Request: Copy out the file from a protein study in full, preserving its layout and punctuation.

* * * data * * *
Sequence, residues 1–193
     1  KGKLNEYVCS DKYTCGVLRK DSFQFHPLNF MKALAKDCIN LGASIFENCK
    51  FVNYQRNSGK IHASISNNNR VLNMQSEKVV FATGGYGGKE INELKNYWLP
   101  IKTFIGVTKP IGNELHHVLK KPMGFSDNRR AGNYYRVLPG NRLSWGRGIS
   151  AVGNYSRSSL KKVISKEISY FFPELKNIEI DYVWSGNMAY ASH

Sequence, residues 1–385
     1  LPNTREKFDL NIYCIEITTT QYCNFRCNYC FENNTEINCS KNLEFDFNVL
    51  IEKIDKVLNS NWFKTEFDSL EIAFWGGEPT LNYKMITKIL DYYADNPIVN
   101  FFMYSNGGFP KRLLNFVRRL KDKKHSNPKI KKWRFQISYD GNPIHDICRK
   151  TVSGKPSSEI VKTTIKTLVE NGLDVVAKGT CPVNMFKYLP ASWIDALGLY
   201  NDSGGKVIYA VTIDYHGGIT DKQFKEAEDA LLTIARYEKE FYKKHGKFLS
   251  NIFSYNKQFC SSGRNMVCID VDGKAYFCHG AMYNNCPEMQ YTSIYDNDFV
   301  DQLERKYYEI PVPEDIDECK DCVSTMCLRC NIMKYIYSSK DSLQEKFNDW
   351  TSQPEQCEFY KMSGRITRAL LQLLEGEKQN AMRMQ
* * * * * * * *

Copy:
Sequence, residues 1–193
     1  KGKLNEYVCS DKYTCGVLRK DSFQFHPLNF MKALAKDCIN LGASIFENCK
    51  FVNYQRNSGK IHASISNNNR VLNMQSEKVV FATGGYGGKE INELKNYWLP
   101  IKTFIGVTKP IGNELHHVLK KPMGFSDNRR AGNYYRVLPG NRLSWGRGIS
   151  AVGNYSRSSL KKVISKEISY FFPELKNIEI DYVWSGNMAY ASH

Sequence, residues 1–385
     1  LPNTREKFDL NIYCIEITTT QYCNFRCNYC FENNTEINCS KNLEFDFNVL
    51  IEKIDKVLNS NWFKTEFDSL EIAFWGGEPT LNYKMITKIL DYYADNPIVN
   101  FFMYSNGGFP KRLLNFVRRL KDKKHSNPKI KKWRFQISYD GNPIHDICRK
   151  TVSGKPSSEI VKTTIKTLVE NGLDVVAKGT CPVNMFKYLP ASWIDALGLY
   201  NDSGGKVIYA VTIDYHGGIT DKQFKEAEDA LLTIARYEKE FYKKHGKFLS
   251  NIFSYNKQFC SSGRNMVCID VDGKAYFCHG AMYNNCPEMQ YTSIYDNDFV
   301  DQLERKYYEI PVPEDIDECK DCVSTMCLRC NIMKYIYSSK DSLQEKFNDW
   351  TSQPEQCEFY KMSGRITRAL LQLLEGEKQN AMRMQ